Direct download  
     
    My bibliography  
     
    Export citation  
  6. John Culp (forthcoming). Overcoming the Limits of Theodicy: An Interactive Reciprocal Response to Evil. International Journal for Philosophy of Religion:1-14.
    Recent criticisms of theodicies express a conflict between theoretical and practical responses to the existence of evil. Theodicies, and defenses, seek to provide a resolution to the question of why there is evil if there is God. In providing an answer, theodicies offer an explanation for evil that responds to the existence of evil in a theoretical manner. In contrast to those theoretical responses, there have been a number of responses to the existence of evil that have emphasized acting against (...)
    Direct download (2 more)  
     
    My bibliography  
     
    Export citation  
  7. Sarah Adams & Jon Robson (forthcoming). Does Absence Make Atheistic Belief Grow Stronger? International Journal for Philosophy of Religion:1-20.
    Discussion of the role which religious experience can play in warranting theistic belief has received a great deal of attention within contemporary philosophy of religion. By contrast, the relationship between experience and atheistic belief has received relatively little focus. Our aim in this paper is to begin to remedy that neglect. In particular, we focus on the hitherto under-discussed question of whether experiences of God’s absence can provide positive epistemic status for a belief in God’s nonexistence. We argue that there (...)
    Direct download (2 more)  
     
    My bibliography  
     
    Export citation  
  8. Alfred Archer (forthcoming). Divine Moral Goodness, Supererogation and The Euthyphro Dilemma. International Journal for Philosophy of Religion:1-14.
    How can we make sense of God’s moral goodness if God cannot be subject to moral obligations? This question is troubling for divine command theorists, as if we cannot make sense of God’s moral goodness then it seems hard to see how God’s commands could be morally good. Alston argues that the concept of supererogation solves this problem. If we accept the existence of acts that are morally good but not morally required then we should accept that there is no (...)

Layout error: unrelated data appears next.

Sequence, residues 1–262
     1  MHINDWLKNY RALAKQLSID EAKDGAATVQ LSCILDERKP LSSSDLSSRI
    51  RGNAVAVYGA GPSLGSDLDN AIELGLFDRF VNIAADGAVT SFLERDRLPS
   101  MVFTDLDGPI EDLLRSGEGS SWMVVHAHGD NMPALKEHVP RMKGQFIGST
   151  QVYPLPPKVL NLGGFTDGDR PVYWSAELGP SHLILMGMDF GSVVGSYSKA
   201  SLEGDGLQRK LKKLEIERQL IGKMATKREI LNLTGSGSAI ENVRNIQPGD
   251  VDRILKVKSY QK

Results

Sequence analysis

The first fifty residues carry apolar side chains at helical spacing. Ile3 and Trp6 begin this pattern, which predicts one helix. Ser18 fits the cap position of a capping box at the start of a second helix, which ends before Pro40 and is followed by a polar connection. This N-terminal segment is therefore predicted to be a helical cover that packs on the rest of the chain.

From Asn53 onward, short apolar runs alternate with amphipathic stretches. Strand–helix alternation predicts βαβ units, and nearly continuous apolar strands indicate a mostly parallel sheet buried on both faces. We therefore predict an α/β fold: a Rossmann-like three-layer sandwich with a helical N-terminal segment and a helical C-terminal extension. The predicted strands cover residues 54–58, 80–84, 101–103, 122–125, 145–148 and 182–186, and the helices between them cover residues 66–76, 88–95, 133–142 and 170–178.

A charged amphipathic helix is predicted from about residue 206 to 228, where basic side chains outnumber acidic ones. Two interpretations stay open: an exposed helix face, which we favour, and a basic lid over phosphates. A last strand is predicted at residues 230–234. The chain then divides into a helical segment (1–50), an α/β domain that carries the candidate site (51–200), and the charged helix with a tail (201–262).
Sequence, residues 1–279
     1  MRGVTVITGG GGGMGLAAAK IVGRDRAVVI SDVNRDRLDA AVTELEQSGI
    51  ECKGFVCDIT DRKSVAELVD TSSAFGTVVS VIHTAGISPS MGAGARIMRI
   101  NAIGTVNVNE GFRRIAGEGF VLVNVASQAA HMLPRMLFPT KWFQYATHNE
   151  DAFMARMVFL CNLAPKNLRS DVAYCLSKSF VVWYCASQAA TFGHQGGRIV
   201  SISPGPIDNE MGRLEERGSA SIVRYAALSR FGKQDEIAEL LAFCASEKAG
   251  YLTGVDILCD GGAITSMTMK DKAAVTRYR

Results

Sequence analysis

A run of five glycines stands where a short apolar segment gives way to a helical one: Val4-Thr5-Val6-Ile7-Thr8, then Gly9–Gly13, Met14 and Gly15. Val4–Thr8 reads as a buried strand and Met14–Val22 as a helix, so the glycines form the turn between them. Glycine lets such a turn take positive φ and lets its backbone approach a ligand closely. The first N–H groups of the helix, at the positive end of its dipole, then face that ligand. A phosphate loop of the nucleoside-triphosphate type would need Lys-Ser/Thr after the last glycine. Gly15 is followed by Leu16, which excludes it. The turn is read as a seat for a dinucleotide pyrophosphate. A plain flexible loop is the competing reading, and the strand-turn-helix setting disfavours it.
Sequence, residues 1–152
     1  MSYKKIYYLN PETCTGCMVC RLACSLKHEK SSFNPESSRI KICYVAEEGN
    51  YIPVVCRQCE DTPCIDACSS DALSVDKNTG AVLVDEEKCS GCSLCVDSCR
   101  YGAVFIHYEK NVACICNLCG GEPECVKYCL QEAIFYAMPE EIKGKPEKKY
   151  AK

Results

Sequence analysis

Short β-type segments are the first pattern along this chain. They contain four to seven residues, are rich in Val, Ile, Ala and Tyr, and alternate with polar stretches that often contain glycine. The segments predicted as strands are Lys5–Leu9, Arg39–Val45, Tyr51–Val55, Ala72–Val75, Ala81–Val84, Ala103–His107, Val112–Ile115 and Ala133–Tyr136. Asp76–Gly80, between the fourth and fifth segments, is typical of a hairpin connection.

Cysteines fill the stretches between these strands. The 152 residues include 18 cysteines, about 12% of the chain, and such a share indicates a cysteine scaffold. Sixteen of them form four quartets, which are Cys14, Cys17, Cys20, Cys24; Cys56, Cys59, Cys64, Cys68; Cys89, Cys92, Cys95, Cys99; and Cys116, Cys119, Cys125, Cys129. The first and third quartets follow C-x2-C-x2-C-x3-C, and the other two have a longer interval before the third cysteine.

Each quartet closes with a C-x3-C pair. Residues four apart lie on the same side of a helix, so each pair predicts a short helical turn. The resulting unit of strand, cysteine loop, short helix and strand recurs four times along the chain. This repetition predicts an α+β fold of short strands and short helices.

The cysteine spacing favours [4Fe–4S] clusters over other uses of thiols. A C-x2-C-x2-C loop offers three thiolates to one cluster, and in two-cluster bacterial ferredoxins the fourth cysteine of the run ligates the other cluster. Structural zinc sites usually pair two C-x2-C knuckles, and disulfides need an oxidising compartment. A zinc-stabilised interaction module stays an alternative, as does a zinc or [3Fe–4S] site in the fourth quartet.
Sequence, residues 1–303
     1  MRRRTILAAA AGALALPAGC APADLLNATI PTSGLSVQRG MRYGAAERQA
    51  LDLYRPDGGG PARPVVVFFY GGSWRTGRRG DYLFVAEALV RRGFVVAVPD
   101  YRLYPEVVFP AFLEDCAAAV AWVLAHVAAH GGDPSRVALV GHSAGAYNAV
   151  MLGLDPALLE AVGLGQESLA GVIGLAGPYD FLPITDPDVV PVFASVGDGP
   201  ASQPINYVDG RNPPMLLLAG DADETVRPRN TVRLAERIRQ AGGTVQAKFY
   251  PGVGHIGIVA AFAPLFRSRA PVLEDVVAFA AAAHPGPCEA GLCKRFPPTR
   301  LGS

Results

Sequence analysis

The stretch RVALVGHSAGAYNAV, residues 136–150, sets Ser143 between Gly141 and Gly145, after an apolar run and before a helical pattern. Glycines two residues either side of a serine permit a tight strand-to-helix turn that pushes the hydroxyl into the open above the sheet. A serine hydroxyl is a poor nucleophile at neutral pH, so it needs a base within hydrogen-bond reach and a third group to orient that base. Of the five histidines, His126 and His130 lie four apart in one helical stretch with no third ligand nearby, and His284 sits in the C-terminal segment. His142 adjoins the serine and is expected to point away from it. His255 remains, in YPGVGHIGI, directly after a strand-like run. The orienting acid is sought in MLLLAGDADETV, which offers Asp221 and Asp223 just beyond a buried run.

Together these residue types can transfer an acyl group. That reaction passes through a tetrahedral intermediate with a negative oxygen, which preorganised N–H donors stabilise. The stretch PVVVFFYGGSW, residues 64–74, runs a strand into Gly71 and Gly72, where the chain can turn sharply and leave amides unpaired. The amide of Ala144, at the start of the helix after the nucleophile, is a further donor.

Direct download (2 more)  
     
    My bibliography  
     
    Export citation  
  9. Toby Betenson (forthcoming). Fairness and Futility. International Journal for Philosophy of Religion:1-11.
    William Lane Craig argues that both God and immortality are required for life to have meaning; life is futile without either of the two. I argue that combining William Lane Craig’s arguments for the futility of life without God or immortality, together with a plausible amendment to his working definition of ‘futility’, entails the counterintuitive conclusion that life is futile if God does exist. Craig says that God must exist as a guarantor of ultimate justice, and that this ultimate ‘fairness’ (...)
    Direct download (2 more)  
     
    My bibliography  
     
    Export citation  
  10. Elizabeth Burns (forthcoming). Classical and Revisionary Theism on the Divine as Personal: A Rapprochement? International Journal for Philosophy of Religion:1-15.